The Writing on the…Wall: What is Mitch McConnell Thinking?

If, heaven forfend, I were Mitch McConnell, here’s what I’d be thinking…

I know:

  • the Democrats will likely keep the house and
  • take the senate in 2020
  • Trump’s election in 2016 was a historic fluke unlikely to be repeated. Lightning will not strike the same place twice.

From this it follows that the only way to maintain a grip on power is to hold the presidency.

What else do I know?

  • Trump and the GOP won’t be able to get anything done in the next two years
  • The economy will probably tip into recession some time during the 2020 campaign
  • The Mueller investigation will likely conclude within the next few months
  • It is probably going to be damning
  • The House is probably going to impeach
  • The start of the 2020 presidential campaign will unfold against the background of impeachment proceedings, and my senators battling to be re-elected will be facing the headwind of an unpopular president besieged by impeachment and implicated in potentially criminal wrongdoing

We’ve gotten what we wanted from Trump:  deregulation, tax cuts, judges. By rights, we shouldn’t even be in power—it’s a miracle we got this far. Time to cut our losses, board the lifeboats, and paddle out to safety before the ship goes down; but first, help set the charges to blow it up and hasten its sinking…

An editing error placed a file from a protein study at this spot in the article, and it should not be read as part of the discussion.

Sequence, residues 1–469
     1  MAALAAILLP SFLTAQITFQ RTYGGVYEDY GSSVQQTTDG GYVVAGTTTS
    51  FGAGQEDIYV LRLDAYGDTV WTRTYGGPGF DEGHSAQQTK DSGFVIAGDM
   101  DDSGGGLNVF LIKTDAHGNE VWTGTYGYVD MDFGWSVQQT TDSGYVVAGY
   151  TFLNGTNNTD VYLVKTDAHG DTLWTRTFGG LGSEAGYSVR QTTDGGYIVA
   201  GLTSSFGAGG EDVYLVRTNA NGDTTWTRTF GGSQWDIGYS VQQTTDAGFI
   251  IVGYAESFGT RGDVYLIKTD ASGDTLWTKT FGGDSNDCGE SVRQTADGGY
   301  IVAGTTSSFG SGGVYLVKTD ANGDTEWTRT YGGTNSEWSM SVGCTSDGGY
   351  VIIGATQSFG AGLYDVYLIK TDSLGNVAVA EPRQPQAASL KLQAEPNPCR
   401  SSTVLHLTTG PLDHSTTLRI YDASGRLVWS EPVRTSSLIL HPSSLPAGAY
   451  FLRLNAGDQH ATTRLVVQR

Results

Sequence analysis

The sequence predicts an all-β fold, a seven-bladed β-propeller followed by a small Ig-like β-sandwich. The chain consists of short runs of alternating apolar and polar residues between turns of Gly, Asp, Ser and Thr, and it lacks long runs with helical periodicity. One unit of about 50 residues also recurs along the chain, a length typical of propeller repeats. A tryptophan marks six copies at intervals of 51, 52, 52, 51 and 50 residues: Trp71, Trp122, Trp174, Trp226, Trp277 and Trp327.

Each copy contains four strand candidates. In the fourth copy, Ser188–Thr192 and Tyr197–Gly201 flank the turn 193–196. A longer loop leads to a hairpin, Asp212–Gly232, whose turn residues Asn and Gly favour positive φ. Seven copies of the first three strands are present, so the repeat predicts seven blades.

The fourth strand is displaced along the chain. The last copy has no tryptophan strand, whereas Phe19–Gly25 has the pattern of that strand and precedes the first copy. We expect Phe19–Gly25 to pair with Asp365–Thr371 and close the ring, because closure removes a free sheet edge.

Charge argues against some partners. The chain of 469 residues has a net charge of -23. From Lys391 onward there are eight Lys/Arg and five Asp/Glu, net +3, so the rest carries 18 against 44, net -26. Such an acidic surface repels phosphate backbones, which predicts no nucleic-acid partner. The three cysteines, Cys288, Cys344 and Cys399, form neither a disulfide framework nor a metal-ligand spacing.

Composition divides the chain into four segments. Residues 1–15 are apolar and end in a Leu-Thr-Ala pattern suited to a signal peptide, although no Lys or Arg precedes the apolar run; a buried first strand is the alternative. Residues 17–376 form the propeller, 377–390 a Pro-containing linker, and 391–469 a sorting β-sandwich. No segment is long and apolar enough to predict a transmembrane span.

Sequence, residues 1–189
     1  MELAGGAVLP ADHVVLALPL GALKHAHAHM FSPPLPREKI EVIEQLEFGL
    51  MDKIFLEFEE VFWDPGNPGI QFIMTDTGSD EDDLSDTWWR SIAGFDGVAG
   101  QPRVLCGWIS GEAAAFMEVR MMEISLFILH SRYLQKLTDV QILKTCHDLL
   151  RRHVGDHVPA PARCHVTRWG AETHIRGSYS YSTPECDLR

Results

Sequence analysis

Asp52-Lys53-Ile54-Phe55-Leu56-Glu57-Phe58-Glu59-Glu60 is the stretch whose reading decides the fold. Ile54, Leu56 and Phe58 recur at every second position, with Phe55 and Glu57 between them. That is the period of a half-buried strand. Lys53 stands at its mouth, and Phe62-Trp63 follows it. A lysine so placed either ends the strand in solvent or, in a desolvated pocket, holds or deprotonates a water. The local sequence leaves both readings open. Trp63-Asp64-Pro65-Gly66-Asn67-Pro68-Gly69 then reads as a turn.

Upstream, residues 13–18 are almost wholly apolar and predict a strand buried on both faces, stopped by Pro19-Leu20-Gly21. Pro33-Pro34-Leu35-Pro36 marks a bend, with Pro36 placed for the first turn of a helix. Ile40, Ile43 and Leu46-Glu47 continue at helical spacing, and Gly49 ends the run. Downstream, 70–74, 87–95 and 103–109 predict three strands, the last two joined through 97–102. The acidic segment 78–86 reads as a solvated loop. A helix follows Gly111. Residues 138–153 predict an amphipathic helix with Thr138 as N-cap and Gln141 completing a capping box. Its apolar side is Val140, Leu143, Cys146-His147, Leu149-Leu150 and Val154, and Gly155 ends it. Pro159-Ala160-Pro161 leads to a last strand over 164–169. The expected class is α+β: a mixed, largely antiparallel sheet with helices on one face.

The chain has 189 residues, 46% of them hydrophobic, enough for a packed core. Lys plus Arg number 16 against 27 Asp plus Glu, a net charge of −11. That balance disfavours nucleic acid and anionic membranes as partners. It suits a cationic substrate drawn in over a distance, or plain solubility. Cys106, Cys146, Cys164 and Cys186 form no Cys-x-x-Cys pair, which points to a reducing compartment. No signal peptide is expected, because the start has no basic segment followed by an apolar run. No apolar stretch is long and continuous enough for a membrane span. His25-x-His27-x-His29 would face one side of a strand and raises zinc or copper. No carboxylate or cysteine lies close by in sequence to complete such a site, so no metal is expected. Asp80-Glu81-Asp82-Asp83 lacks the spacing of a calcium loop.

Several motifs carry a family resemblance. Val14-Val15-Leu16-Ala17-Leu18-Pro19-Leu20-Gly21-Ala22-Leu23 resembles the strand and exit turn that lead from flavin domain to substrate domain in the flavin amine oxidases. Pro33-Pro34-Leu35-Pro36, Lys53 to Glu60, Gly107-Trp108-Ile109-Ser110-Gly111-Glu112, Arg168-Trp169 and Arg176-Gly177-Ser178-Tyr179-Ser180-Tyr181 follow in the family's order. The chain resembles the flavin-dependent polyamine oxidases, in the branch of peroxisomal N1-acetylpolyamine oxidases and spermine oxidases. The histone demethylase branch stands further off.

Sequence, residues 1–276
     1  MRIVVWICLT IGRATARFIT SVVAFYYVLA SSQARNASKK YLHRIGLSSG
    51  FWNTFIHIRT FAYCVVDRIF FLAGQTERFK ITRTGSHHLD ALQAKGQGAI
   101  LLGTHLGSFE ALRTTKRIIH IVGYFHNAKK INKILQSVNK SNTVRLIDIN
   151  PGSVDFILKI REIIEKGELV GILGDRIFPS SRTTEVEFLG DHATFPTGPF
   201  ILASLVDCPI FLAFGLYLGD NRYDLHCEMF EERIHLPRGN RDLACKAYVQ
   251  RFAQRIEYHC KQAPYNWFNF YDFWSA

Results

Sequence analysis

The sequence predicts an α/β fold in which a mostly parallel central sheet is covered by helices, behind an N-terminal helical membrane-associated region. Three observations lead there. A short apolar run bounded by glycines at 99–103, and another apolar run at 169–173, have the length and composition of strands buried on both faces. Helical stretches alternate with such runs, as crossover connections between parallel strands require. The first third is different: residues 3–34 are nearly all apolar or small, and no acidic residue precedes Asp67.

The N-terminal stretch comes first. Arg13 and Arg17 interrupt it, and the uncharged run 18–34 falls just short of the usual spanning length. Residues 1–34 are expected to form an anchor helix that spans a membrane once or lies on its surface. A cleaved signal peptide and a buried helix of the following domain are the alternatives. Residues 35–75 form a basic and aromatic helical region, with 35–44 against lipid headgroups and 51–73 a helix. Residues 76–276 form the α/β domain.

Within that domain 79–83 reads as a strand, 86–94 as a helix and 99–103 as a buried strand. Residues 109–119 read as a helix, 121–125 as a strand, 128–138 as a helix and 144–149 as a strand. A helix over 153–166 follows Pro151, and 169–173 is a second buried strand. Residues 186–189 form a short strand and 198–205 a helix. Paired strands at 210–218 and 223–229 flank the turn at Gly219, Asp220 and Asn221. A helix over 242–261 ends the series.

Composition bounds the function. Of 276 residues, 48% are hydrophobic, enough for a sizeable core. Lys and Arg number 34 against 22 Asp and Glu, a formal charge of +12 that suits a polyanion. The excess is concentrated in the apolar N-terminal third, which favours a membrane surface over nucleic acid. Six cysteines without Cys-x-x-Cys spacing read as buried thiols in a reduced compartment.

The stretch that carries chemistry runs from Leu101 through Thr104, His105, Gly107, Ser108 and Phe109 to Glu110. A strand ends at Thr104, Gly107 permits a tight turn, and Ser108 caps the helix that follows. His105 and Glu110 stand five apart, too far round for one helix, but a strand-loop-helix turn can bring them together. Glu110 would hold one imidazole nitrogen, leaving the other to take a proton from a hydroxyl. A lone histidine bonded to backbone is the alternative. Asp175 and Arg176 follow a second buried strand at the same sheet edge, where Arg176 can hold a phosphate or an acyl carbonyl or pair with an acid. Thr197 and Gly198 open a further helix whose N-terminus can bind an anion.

Privately, my colleagues and I know full well that Trump is not only totally unfit for the job, but probably sort of insane. With the departure of Mattis, we are now genuinely alarmed at what he might do, and how that might damage the party in the long term.

Regarding the shutdown, I can see the writing on the Wall. Trump won’t budge on the Wall, since it’s all he really has left at this point. The GOP has lost the messaging war on this, and Trump owns the shutdown. But we can be part of the solution.

When Pelosi and the House pass the bill to reopen the government, make Trump an offer: “We will pass the bill with 51 votes; if you veto it, we’ll come back with 67 votes to override the veto.” The latter would be humiliating for Trump, a body blow to his authority, potentially crippling to his approval rating, which has sunk to Charlottesville lows. It would seem to be an offer he can’t refuse.

But he will. He is constitutionally (!) incapable of compromising and giving in on a core promise to his base and a foundation stone of his political brand and identity. He would take a veto override on the chin and go out on the trail to rail against the swamp.

At this point, I face a critical juncture: Continue to enable Trump and allow him to further take over the party, or find a way to force him out? Remember that he is an outsider, an interloper—he is just passing through. I need to think about the long term.

I quietly begin a series of secret meetings with the Democratic leadership to negotiate an impeachment cooperation strategy. I need 20 GOP senators to convict—that’s all I need—preferably one’s not up for reelection in 2020, and not from Trump country. They are the sacrifice that must be made, the ones who have to fall on the sword.

Moreover, there is a strategic benefit here: the Democratic candidates are all planning to—itching to—run against Trump. If he’s gone, they’ll be flat-footed. Remove him before the campaign picks up steam, and you change the game. Kasich, Corker, Flake, and who knows who else will throw in and challenge Pence, blame the recession on Trump’s trade wars, and promise to heal the country in a way that the rabid socialist Democrats cannot. They offer a middle ground between Trumpism and socialism.

This is the only way to save what face we can and the only hope for holding onto a slice of power in the middle term.

I try to smile, even though my smile creeps even me out, and it is only ever just a try.